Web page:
NHS delays data sharing rollout; ONC explains new certification transparency requirements;

News From Around the Web

> The U.K.'s National Health Services has postponed the launch of a large scale electronic health record data sharing project in response to concerns about the confidentiality of the patients' information, according to The Guardian. Despite a letter campaign to millions, two-thirds of people in the country were unfamiliar with how the program would work and confused about the opt out procedures. Concerns also were raised about the ability of private companies to purchase patient information. Article

> Vermont's new state-of-the-art psychiatric hospital is slated to open without a corresponding full EHR system, the Burlington Free Press reported. The hospital was to have built upon a system housed in a nearby hospital, but negotiations regarding the upgrade fell apart. In the meantime, the hospital will use a hybrid medical records system of EHR and paper and a separate electronic prescribing system. Article

> The Office of the National Coordinator for Health IT has explained the new transparency rules in the 2014 edition of EHR certification, which had been added based on stakeholder input. The first new provision requires that the test results on which an ONC-ACB based its certification decision be publicly accessible. The second requires the ONC-ACB to ensure that EHR technology developers disclose whether there are additional costs providers would incur to attempt to attain Meaningful Use. Blog post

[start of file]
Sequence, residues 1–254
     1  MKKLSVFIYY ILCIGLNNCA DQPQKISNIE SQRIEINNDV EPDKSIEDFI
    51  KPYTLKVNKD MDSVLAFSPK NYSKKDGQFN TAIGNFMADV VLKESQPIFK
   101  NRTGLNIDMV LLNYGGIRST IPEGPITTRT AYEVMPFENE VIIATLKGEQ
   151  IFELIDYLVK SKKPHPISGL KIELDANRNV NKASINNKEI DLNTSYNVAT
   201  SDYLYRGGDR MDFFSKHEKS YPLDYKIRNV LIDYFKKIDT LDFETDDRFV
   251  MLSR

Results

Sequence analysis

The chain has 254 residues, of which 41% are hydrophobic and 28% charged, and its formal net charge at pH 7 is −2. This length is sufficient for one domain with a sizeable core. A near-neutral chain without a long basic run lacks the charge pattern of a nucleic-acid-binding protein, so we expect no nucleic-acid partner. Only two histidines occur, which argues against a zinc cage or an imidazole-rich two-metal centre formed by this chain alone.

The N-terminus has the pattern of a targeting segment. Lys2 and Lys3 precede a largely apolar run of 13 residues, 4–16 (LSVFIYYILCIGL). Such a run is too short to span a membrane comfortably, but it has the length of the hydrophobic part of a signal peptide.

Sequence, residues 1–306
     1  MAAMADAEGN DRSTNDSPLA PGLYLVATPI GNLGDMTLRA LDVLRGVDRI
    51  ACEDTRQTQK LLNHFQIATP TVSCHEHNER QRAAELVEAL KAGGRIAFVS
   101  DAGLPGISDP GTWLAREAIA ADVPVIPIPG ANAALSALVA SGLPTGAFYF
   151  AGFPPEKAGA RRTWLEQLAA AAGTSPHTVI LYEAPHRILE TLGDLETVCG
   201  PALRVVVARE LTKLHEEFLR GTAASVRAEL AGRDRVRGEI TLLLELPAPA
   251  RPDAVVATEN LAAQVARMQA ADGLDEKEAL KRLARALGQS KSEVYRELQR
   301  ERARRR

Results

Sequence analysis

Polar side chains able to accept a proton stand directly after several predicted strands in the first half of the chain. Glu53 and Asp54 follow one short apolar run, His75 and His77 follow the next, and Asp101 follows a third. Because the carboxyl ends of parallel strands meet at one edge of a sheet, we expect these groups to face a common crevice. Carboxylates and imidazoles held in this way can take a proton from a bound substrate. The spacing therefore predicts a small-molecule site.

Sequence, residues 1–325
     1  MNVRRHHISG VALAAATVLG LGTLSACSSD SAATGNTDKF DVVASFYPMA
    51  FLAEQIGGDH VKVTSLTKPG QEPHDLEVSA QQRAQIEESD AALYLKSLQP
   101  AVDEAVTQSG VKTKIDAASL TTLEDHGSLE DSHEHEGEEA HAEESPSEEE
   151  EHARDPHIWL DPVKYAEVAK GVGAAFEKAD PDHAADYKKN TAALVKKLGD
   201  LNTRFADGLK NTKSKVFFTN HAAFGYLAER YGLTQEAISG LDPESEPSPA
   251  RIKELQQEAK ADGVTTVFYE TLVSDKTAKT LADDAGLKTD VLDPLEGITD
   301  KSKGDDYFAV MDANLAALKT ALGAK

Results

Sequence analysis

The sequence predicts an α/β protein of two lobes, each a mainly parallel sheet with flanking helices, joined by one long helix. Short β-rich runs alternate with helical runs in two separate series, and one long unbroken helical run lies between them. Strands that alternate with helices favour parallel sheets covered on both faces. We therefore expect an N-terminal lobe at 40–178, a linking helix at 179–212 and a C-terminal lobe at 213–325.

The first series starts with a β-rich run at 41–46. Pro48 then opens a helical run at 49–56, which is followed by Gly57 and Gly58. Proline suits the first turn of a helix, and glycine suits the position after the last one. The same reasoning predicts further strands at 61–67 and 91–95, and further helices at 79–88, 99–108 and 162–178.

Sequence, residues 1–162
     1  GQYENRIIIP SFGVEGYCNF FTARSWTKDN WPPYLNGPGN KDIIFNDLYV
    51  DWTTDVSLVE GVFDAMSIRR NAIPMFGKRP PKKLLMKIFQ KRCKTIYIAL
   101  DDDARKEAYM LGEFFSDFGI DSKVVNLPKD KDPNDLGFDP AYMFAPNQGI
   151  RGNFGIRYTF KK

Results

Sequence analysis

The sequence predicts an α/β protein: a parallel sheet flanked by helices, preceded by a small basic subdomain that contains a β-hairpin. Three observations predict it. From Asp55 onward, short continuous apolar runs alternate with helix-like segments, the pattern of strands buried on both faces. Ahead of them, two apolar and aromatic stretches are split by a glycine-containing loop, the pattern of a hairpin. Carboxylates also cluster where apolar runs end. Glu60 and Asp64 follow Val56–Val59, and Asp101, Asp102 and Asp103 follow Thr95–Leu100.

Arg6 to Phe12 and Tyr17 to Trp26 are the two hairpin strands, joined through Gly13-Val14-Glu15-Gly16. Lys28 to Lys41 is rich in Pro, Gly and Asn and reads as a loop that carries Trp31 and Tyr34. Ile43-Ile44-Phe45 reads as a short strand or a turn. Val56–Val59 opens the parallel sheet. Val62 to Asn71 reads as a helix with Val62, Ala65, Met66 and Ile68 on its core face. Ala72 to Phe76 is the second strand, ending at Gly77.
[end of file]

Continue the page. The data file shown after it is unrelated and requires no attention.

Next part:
Health Finance News

> National Quality Forum Chief Executive Officer Christine Cassel is receiving hundreds of thousands of dollars a year to sit on the boards of group purchasing cooperative Premier, Inc. and Kaiser Foundation Health Plans--a financial conflict of interest, according to the non-profit investigative foundation ProPublica. The NQF helps formulate and evaluate more than 700 different quality measures for hospitals, and medical ethicists believe Premier and Kaiser's payments create undue influence. It was suggested that Cassel either resign from the positions or forego payments in order to uncloud her relationships. Article

> Many states are using the cost-cutting impetus of the Affordable Care Act to combine their Medicare and Medicaid programs, thus saving money on the care provided for enrollees, StateLine reports. Massachusetts has already combined the two programs to serve so-called dual-eligibles--those who qualify for Medicare but whose low incomes also mean they qualify for Medicaid--and 18 other states plan to roll out similar mergers between now and 2015. Article

Health Insurance News

> Tax preparers may be a key source of assistance for the millions of uninsured consumers--including young adults--who remain uneducated about how the Affordable Care Act can help them obtain health coverage. More than 74 percent of uninsured consumers who qualify for insurance affordability programs under the ACA file federal income tax returns. Of that group, more than 90 percent are under 35 years old and eligible for subsidies, according to a new brief from the Robert Wood Johnson Foundation. Article

> Despite public outcry about insurers canceling individual plans, the Affordable Care Act doesn't create major disruptions throughout the health insurance industry, according to a policy brief from the Urban Institute. Besides, making much-needed reforms to health insurance is impossible without some sort of interruption or disturbance to the status quo. "Despite claims to the contrary, it is not possible to reform our health insurance arrangements without somehow disrupting existing arrangements," Judy Feder, a fellow at the Urban Institute's Health Policy Center, wrote in the brief. Article

And Finally... Well, they'll probably break fewer laws than 'real' humans. Article

Suggested Articles

Roche, which already owned a 12.6% stake in Flatiron Health, has agreed to buy the health IT company for $1.9 billion.

Allscripts managed to acquire two EHR platforms for just $50 million by selling off a portion of McKesson's portfolio for as much as $235 million.

Artificial intelligence could help physicians predict a patient's risk of developing a deadly infection.